Brendan Schollum: Time to solve big maths problem

Parents need to be involved.
Children's maths skills can be improved by playing simple number games. Photo / Getty Images
Children's maths skills can be improved by playing simple number games. Photo / Getty Images

Results from international tests which placed our Year 9 students at the bottom of the developed world in mathematics make for depressing reading.

Here are some suggestions for parents, our minister, her officials and those involved in teacher education and school leadership. We need far more than tinkering - we need wholesale changes if we are to have skilled, motivated students of mathematics leaving our primary schools.

First, look at more ways to get parents involved in mathematics exercises. There are many games and exercises that parents can play with their children. Parents can set up challenges regarding sports, and have their children record results and work out percentages. Schools should call on people who have this expertise, and set up regular parent information nights. The best nights have a combination of input and practice.

For example, with young children, when travelling between cities each person in turn gets the number of AA signs seen at intersections.

The children keep their own tallies, and compete for who could add the new total the fastest, as well as who was first to, say, 20 signs.

For older children use oral exercises, for example, a dress costs $100. In a sale it is reduced 10 per cent, so how much is it now? What if it is reduced a further 10 per cent? What is its new sale price? Then, do it again for 20 per cent discounts.

Second, teachers should constantly set review exercises at the beginning of each lesson when teaching mathematics. Students in general love competition and seeing improvement. In basic facts you can have students tested easily for accuracy and speed. I did this at a school I was involved in and tested each Year 9 and 10 class - it took me five minutes to test each class and I had two pieces of valid assessment (accuracy, speed) for students to record and improve upon. I would do review tests in geometry, measurement and trigonometry as well.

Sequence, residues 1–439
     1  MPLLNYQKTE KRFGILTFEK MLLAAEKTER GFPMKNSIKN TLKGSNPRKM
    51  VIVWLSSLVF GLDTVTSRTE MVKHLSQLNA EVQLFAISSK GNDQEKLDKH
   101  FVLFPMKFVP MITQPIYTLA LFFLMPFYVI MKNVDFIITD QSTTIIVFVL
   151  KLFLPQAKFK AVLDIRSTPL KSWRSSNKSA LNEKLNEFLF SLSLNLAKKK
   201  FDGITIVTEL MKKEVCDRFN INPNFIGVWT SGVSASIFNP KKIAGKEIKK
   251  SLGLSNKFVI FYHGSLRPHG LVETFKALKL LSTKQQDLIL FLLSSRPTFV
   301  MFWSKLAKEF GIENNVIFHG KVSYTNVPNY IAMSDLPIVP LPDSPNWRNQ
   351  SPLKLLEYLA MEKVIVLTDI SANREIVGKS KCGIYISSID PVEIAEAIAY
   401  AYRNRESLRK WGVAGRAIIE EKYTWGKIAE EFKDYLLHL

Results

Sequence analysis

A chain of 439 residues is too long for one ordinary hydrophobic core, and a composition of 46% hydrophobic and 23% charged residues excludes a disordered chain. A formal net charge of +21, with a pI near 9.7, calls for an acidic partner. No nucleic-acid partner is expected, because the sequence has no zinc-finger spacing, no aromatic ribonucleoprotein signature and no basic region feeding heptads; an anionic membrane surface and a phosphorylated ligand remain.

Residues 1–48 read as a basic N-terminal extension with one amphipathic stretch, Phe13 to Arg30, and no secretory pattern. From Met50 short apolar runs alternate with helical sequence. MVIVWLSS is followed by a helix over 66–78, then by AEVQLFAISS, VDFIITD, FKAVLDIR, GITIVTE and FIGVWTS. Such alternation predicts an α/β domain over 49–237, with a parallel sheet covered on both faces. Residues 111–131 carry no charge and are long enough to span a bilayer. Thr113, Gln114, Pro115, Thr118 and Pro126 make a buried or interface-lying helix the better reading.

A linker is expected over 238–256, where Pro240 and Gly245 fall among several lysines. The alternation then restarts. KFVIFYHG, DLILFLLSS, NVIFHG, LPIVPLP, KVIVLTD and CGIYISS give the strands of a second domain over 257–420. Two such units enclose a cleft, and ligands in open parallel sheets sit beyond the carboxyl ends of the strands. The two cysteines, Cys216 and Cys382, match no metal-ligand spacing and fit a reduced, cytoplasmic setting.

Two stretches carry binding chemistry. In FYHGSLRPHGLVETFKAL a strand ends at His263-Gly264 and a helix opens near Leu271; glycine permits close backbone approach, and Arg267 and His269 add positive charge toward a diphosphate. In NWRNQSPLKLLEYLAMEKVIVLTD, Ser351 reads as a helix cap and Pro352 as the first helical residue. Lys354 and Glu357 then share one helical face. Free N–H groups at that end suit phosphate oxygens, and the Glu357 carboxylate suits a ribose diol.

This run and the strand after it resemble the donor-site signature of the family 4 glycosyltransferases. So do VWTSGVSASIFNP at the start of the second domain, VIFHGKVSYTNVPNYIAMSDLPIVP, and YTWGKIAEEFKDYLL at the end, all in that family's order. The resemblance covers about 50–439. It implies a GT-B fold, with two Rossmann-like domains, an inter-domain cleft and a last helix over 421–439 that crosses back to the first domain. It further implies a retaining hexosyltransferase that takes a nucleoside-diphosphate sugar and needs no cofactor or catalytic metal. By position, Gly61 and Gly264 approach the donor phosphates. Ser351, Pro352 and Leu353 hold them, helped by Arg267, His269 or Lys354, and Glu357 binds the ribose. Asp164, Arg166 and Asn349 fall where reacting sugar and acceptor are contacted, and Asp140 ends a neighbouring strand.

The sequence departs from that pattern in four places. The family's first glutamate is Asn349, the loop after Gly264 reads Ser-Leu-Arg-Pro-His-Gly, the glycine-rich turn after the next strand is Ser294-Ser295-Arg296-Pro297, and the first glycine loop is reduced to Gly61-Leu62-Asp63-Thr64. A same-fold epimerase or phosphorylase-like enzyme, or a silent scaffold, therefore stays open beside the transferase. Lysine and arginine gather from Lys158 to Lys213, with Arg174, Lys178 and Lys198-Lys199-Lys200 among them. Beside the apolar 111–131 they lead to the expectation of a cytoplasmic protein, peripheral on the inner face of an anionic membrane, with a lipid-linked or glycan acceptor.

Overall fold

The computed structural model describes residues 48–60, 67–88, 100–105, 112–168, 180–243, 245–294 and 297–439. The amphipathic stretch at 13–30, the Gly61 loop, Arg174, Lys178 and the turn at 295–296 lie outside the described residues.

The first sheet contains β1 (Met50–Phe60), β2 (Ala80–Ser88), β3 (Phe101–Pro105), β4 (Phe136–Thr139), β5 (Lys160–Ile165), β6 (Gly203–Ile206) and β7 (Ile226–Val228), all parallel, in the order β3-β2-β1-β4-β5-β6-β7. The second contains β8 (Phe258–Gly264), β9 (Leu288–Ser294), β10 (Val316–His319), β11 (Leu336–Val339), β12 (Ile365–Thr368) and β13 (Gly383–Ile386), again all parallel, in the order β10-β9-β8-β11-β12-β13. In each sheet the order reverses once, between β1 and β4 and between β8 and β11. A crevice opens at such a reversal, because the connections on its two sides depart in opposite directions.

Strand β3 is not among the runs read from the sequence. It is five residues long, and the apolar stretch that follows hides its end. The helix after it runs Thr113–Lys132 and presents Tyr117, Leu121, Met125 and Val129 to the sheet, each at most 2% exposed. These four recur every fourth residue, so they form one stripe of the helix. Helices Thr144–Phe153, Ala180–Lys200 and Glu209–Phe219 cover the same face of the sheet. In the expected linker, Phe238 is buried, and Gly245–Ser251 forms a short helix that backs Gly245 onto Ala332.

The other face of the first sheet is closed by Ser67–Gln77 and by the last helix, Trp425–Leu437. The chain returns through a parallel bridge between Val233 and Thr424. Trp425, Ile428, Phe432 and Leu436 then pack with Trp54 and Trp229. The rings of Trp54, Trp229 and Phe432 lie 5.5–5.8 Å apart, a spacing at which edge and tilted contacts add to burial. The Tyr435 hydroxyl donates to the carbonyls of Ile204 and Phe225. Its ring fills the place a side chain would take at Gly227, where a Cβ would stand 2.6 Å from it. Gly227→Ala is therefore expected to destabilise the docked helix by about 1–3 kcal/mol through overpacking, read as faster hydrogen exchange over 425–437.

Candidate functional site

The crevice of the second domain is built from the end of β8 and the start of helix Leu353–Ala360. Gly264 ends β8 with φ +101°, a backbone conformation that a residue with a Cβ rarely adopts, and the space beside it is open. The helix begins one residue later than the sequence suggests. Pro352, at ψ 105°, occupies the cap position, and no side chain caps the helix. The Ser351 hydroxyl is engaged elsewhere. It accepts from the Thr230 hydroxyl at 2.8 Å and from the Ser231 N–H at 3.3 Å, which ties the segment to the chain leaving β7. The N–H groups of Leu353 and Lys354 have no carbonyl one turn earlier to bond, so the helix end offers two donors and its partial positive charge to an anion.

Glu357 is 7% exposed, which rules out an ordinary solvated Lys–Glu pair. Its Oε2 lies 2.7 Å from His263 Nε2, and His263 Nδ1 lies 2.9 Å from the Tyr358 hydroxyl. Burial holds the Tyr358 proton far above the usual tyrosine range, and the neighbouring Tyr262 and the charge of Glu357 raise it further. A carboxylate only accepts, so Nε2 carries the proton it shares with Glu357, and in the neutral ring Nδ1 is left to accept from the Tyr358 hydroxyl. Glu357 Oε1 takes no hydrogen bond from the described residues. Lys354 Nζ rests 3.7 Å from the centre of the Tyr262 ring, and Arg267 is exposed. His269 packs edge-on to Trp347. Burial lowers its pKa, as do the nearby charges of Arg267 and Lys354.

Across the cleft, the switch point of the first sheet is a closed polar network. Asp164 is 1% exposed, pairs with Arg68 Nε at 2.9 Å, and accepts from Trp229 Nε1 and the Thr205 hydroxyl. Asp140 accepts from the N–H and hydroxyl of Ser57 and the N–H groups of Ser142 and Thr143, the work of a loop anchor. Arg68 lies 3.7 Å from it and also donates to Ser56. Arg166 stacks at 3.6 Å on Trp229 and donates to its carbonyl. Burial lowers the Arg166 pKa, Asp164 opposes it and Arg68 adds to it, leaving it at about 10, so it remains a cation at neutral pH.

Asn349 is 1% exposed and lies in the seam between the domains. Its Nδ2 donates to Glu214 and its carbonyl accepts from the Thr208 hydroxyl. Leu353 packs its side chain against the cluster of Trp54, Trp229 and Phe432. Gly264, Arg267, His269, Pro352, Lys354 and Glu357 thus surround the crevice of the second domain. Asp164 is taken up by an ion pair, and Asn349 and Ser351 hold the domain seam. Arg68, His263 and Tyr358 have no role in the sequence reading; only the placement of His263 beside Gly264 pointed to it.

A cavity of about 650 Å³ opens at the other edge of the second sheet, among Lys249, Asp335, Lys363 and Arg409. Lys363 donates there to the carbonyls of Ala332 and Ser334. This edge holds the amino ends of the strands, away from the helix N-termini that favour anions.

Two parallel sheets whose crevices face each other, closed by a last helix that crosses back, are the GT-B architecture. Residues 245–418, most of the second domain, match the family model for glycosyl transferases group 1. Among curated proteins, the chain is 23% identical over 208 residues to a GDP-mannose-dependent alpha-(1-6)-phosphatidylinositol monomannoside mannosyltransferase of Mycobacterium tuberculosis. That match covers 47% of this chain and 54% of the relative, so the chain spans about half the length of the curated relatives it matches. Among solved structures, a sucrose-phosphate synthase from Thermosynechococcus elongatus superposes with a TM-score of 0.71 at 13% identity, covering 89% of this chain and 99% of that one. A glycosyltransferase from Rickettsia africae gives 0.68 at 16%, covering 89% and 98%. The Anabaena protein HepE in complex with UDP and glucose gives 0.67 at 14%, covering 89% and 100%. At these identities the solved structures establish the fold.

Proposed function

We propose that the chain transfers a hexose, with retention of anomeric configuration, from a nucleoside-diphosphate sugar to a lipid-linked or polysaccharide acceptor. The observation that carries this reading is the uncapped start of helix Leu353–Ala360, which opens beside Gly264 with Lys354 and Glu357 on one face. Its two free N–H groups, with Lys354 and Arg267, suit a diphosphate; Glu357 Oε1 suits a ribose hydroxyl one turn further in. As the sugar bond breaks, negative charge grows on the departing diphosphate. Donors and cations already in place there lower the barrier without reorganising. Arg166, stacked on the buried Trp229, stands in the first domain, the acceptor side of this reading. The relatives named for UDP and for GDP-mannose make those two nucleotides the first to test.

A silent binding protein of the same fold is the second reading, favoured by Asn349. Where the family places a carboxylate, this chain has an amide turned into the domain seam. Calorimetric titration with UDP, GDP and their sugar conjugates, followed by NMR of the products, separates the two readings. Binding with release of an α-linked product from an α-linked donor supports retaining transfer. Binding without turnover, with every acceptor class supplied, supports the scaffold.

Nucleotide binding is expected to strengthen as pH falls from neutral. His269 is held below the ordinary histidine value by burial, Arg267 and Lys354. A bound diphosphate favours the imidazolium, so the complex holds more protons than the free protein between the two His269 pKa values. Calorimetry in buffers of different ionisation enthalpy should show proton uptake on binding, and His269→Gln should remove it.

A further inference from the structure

Third, teachers need to be confident about their own maths, and the ways to teach this complex subject. A quick check of the curriculum offered for future primary school teachers shows two specific in-college courses out of 16 are directed at mathematics (12.5 per cent of time) while there are six courses directed at history, philosophy, curriculum design and assessment (representing 37 per cent of time). From my experience teaching in two teachers' colleges, the time now allocated to mathematics (and indeed to teaching literacy) is far too low. Teacher training institutions should review the time they allocate to fundamentals of teaching subjects, and reduce (not exclude) the time allocated to the general topics. Important features of curriculum, education history, learning and teaching can be explored further in post-graduate courses.

Fourth, a number of teachers attracted to the profession have not had satisfying experiences in their own mathematics learning at primary and secondary school. How many moved away from the subject as soon as it became optional, only to find they needed good knowledge in their teacher training? I wonder what, or if, remedial courses in basic mathematics are offered to our existing or future teachers? Many would appreciate making improvements in speed and accuracy in basic and more complex functions.

Fifth, there are many websites that allow children to practise their basic facts and receive immediate feedback. These can be reinforced in school newsletters.

Changes should occur in pre-service teacher education courses. Presumably there will be considerable evaluation of what has been offered in recent in-service teacher education professional development. There is room for basics and rote learning, as well as the problem solving processes, estimating and other cognitive skills.

We must first admit that what we have is not working anywhere near as well as it should. We generally have enormous teacher goodwill, but they need appropriate training and direction. Let us again take on and solve an identified weakness in what is generally an effective, productive education system.

Brendan Schollum has had 16 years as a secondary principal, and was a lecturer at two Teachers' Colleges at primary and secondary levels.

- NZ Herald

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